‘Better’ is the more practical approach to innovation in general

It all starts with the question: How can I make this better?

Framing is important and when talking about innovation that usually means deciding between incremental and radical change. Yet for most businesses, they don’t want to hear about change. They want the world they exist in just the way it is, especially if they’ve had some level of success.

But which is the more practical approach? Better or different?

Let’s take Zappos for example. On the surface, Zappos is just another online store that sells a lot of different products. The difference with them is how they operate. And how they operate is meaningfully different than a store that offers lower prices. Their mantra is to ‘Deliver Happiness’ and it makes a meaningful difference to consumers as well as it’s employees.

An example from the auto industry. Tesla Roadster. Is it better than a Ferrari? Porsche? It depends on who you ask. Both are cars, but the most distinct difference being that one of them runs on electric batteries. One’s better for the environment, but you may not care about that when deciding between one or the other.

Let’s take Google+ as a recent example. Is it better than Facebook? That’s what the users are comparing it to because of the obvious similarities. Google thought hard about ‘what sucked about social networks’ and ‘how to fix it’. Did it improve it? Everyone has their own opinion but the fact is they’re still not done.

And that’s the point:

Better is the more practical approach to innovation because nothing is ever done. Whether a product, service, business process, customer experience, etc; we can always improve them.

Better, usually takes a more trial-and-error approach. You try things and see what works. This is very practical.

Going from ‘better to different’ is a huge mental leap. And though trying to be different might make you appear different, it’s not as simple as wearing red when everyone is wearing black. Without getting philosophical, but a Ferrari is better and different than a Tesla. Heck, they’re both better and different from others in their own way. Just like Zappos is better and different than other similar retailers, so is Amazon (Zappos parent company) in it’s own way.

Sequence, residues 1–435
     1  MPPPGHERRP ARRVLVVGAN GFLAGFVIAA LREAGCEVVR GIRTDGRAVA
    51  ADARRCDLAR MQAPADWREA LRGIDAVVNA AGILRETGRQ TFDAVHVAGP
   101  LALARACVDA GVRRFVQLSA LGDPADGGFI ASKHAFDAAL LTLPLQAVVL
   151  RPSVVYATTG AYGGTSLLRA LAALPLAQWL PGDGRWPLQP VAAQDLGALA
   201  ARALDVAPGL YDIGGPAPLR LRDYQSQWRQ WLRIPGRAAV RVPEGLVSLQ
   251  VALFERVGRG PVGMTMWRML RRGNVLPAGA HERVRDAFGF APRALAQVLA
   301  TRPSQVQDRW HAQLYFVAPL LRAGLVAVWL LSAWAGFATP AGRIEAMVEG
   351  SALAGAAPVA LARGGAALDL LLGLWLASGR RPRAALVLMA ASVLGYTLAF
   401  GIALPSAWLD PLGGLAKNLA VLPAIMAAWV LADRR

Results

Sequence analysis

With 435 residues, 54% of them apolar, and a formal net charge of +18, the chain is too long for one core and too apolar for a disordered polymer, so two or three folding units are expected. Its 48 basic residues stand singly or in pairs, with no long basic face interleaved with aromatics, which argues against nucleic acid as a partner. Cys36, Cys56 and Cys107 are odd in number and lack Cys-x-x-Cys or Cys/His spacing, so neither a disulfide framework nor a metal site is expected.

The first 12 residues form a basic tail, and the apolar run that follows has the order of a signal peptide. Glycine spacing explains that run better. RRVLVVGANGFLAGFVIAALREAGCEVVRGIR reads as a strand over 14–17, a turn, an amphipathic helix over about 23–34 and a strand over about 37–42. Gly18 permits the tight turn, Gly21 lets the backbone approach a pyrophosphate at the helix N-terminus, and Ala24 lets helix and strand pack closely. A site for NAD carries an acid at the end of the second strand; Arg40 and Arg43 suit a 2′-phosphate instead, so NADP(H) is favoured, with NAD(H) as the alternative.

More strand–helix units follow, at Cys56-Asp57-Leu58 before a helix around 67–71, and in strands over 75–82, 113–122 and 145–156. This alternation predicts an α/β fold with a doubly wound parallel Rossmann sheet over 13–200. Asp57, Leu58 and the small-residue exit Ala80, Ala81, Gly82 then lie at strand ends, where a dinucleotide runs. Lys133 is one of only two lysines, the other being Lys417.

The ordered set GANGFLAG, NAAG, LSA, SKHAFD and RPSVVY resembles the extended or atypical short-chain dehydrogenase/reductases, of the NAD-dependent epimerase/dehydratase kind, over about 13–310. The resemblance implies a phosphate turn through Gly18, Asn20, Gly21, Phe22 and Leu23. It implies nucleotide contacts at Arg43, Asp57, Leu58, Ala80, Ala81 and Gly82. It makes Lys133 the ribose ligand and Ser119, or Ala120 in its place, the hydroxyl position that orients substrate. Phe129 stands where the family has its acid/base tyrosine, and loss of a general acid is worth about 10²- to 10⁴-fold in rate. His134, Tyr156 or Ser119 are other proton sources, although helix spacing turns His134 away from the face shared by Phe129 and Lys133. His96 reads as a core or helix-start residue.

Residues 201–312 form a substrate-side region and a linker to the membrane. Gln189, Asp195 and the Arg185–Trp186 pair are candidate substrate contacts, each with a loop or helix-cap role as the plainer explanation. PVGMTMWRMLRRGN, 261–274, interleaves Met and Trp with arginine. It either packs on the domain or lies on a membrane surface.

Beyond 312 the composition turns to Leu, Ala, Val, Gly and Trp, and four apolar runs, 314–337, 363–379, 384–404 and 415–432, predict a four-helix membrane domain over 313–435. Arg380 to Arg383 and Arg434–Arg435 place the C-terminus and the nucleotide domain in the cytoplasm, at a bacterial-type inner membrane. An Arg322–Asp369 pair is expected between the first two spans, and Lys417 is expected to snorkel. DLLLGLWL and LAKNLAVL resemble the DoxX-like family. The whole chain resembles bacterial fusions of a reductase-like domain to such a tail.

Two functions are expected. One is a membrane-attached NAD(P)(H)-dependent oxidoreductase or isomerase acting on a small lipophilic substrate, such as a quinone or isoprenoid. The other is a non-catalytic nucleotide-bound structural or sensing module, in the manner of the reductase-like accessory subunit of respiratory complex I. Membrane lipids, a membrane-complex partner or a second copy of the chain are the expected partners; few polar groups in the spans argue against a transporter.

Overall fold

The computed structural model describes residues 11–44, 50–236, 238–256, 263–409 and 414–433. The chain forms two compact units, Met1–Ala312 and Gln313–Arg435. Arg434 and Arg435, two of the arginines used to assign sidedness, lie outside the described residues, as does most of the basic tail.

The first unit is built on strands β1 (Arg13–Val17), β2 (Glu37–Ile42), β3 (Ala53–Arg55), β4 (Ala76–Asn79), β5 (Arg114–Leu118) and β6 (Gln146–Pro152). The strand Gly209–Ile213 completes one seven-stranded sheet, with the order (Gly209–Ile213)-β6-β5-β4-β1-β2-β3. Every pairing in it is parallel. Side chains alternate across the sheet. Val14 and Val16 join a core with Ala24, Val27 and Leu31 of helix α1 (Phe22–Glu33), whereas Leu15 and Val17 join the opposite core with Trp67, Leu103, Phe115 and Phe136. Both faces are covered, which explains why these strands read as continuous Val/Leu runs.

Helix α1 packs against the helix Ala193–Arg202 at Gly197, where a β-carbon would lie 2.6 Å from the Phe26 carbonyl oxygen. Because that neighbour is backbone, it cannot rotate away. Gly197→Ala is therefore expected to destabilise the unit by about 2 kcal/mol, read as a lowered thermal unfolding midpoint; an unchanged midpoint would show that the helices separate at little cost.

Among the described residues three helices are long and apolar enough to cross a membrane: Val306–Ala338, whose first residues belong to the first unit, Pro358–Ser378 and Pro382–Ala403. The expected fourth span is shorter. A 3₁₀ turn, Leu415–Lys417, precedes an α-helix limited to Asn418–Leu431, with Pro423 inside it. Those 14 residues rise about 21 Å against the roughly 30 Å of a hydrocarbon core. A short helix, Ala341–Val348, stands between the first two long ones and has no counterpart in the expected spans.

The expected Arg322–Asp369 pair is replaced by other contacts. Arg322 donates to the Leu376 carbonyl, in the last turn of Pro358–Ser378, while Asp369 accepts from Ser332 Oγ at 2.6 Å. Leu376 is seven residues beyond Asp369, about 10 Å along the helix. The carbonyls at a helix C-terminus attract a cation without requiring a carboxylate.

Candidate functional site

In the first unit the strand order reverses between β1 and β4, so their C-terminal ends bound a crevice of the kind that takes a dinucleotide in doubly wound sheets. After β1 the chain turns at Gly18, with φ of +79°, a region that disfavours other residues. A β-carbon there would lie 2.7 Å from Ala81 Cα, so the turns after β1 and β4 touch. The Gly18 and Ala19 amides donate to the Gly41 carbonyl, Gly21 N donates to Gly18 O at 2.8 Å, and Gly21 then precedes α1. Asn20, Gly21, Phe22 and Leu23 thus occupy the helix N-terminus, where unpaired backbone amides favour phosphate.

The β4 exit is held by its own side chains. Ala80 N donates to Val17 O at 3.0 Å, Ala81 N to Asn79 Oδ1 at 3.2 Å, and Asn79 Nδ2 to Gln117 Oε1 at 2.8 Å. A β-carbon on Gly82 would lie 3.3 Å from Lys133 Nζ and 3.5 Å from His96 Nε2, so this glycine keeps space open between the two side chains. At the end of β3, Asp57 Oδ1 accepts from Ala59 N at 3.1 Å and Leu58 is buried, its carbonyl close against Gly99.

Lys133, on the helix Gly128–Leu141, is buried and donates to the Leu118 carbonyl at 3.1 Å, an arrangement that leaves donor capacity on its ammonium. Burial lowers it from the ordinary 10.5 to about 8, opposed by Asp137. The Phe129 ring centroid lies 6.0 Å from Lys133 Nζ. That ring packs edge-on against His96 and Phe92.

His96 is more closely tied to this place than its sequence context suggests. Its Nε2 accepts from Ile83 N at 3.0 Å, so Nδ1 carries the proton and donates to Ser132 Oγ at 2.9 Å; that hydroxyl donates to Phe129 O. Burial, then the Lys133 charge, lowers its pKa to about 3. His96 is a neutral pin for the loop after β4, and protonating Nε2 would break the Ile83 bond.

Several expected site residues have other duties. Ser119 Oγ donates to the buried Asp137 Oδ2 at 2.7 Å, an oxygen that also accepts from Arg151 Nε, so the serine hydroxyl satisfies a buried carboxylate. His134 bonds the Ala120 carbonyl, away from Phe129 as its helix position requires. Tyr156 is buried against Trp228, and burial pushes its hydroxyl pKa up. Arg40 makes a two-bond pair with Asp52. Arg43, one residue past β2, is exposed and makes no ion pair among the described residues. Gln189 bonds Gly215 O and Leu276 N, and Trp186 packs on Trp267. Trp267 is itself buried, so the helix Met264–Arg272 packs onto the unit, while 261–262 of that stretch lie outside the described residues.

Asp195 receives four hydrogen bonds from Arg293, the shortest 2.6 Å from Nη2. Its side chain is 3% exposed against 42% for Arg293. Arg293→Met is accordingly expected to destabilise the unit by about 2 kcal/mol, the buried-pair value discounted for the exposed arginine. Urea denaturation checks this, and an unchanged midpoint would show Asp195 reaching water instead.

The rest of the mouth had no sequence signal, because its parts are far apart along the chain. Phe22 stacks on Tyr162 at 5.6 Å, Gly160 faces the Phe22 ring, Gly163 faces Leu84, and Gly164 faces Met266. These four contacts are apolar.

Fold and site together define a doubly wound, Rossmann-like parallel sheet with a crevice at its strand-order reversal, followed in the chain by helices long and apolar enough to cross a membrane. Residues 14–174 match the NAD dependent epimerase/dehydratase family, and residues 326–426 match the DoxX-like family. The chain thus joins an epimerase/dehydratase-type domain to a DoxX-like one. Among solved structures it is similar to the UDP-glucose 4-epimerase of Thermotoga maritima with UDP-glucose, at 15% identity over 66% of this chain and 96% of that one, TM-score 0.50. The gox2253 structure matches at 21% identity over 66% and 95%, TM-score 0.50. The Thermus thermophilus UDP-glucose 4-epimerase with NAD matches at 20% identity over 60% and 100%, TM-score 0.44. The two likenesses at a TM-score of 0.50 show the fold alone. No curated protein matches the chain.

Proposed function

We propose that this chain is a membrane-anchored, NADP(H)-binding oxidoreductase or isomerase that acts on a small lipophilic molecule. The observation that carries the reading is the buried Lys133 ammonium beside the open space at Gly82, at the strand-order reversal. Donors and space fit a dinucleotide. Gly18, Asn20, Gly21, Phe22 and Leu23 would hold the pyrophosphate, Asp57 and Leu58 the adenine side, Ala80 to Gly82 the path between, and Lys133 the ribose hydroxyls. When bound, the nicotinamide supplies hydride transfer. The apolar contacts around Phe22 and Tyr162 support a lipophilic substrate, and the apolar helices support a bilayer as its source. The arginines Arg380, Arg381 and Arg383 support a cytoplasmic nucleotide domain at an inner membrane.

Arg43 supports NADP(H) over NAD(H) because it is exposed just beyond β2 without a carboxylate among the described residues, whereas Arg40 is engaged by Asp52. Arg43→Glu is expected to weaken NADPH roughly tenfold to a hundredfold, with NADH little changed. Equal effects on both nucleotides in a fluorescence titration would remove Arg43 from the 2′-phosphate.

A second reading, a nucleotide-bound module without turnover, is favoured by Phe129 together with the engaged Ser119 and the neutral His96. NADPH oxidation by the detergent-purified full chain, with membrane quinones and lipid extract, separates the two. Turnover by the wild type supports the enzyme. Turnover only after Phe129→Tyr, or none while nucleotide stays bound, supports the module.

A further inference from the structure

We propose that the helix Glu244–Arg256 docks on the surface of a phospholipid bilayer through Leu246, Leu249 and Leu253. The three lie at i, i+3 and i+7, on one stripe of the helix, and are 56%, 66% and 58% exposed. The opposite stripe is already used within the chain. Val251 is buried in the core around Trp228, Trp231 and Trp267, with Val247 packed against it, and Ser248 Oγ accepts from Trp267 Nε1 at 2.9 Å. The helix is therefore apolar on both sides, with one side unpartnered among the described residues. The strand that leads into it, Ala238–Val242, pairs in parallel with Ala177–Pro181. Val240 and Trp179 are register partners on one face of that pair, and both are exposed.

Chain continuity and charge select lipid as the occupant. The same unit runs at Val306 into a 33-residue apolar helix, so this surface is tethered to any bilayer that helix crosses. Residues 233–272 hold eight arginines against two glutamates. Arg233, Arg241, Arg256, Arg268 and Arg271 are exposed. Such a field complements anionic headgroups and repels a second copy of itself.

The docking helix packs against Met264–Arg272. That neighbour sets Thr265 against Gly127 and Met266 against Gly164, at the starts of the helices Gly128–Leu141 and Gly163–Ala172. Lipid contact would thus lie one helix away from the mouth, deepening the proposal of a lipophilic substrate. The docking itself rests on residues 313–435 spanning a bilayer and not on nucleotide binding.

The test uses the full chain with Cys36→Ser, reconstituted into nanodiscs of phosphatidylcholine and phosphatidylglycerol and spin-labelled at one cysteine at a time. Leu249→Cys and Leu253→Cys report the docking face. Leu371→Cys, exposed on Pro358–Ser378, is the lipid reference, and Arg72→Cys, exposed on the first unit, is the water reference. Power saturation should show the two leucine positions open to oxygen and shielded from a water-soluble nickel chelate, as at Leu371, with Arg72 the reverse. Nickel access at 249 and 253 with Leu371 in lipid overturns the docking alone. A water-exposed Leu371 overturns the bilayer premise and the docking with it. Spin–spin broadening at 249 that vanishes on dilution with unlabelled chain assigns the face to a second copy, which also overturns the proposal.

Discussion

We can compare products and services all day long but deciding if something is better and different than something else is really a matter of perception. Just because something is different doesn’t mean it’s better. But better, is always different.

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  • ‘Better’ is faster/simpler/possibly cheaper

    • There is something to that Mohan. It’s a practical point of departure. A great example of doing things ‘better’ is Apple which has the attributes you describe.



  • Given your question—which is the practical approach—I wholeheartedly agree, but this presumes that practical is the most important criterion for a company or organization about to make a decision regarding innovation.  It may or may not be.  I practical, accepted step toward making things better that is wholly insufficient for member’s or customer’s needs may be a very poor choice to make.

    • Hi Jeffrey (@jcufaude:twitter),

      The practical approach implies increments. As in satisfying customers needs the same way just a little bit better than before. As I understand from your comment (and I also agree with), the problem, is staying stuck doing the same stuff when customers needs change. That’s the challenge, I think, to staying relevant. Better yet, is creating/anticipating these changes. The question is, how do we anticipate needs? How do we go from satisfying to creating new needs?

      Thanks for the comment,


      • I support the IDEO approach (and one others also use) to anticipating/uncovering needs:  lots of on the ground observation and discussion of/with end users, as well as exploring broader trends that may have implications for the product or service being considered, but have yet to be applied intentionally to it (application innovation from one arena to another),